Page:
While Logan hired Alicia to be a Native American “cultural compass” in the playwriting process, it is revealed that she is actually a white actress who roleplays as different ethnicities when needed. The four white, main characters frantically try to figure out a way to portray a historically accurate and politically correct representation of the first Thanksgiving without a Native American voice.

Sophomore Emily Sheridan, who played the role of Logan, shared that “This play made me look into issues that hadn’t previously been on my mind. While preparing for the role, I read a lot of Larissa FastHorse’s statements.” 

“This is something I wouldn’t have done if not given the opportunity to learn about this show through Theatre Fairfield,” Sheridan continues.

Overall, I thought all four students did a wonderful job in playing their roles. It could not have been cast more perfectly, as each character portrayed their character to a tee. Every line was projected enough so audience members could hear it and every line delivery was just right, invoking numerous laughs from all spectators. 

An interesting addition to “The Thanksgiving Play” was the unique inclusion of four interludes: showing different videos in the format of “TurkTok,” a satirical spin-off of the popular app, TikTok. 

“According to the playwright, Larissa FastHorse, we ‘are sadly inspired by the Internet, mostly current teachers’ Pinterest boards,’” writes the theatre program director and show producer, Martha LoManco. She advises that we ‘Play with the theatricality of these scenes’ and to ‘have fun.’ 

She continues, “As Producer, I thought it was an ingenious way of engaging college students who were probably quite familiar with the original TikToks that were being lampooned.” 

When asked why Theatre Fairfield chose “The Thanksgiving Play” LoManco shares that “In line with the Jesuit mission of our university, we believe that all theatre is Social Justice theatre, designed to galvanize audiences to empathize with characters braving injustices through compelling entertainment that engages both hearts and minds. Hence, we choose plays that are important to a university community committed to Social Justice.”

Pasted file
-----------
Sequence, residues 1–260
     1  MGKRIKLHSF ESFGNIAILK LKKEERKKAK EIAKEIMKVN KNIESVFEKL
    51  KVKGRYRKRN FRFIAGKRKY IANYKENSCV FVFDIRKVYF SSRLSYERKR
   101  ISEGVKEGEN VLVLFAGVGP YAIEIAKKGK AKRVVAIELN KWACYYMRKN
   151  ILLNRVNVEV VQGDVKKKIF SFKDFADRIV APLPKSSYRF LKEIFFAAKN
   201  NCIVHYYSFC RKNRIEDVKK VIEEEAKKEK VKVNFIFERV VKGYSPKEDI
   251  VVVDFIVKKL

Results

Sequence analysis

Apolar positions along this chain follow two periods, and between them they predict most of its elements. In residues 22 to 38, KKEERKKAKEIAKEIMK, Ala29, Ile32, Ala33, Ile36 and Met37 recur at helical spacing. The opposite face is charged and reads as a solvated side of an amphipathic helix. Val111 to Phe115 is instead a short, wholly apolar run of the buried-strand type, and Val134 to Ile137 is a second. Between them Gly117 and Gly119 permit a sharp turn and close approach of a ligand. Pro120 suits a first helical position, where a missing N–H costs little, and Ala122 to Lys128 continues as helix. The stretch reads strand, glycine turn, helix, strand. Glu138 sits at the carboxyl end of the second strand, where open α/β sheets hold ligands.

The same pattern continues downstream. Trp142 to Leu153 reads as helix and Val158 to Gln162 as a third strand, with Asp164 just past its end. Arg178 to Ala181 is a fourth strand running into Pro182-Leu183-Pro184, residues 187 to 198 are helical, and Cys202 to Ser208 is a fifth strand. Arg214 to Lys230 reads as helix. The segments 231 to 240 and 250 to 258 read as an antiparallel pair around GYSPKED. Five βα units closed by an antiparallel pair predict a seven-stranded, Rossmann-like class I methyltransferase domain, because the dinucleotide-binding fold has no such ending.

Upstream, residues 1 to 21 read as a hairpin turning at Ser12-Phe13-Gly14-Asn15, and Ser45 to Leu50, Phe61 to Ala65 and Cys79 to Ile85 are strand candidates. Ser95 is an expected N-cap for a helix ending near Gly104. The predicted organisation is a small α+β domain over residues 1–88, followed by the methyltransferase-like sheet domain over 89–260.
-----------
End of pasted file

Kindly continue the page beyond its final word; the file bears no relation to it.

And what better way to portray a socially just play like “The Thanksgiving Play”? 

LoManco states, “There is no other way to describe the outrageous scene where the three characters throw the silly props representing the severed head of Native Americans as anything but cringeworthy. These characters truly believe they are making a point about white colonials’ brutality against Native people, whom they call ‘savages’ with this outrageous behavior.”

LoManco also quoted President Biden’s “build back better” and how it has been especially true for American theatre as the COVID-19 pandemic has heavily affected theatres by enforcing closure, changes within scheduling work hours and hiring practices, to name a few changes.

“As theatre reopens after COVID, none of us want to return to the way things used to be—hence, my borrowing of the phrase that we, in line with all American theatre, need to build back better,” LoMancco states. “Although Theatre Fairfield has always strived to produce theatre that will engage, challenge, inform, expand the horizons of and delight the Fairfield University community, we have no intention of resting on our laurels as we reopen our doors.” 

Theatre Fairfield’s next performance is “Project X” by Judy Tate. This will take place on Dec. 2 and 4 at 7:30 p.m. and Dec. 5 at 2:00 p.m. at the Quick Center Blackbox and will also be Livestreamed for those who are unvaccinated or can not make it in person.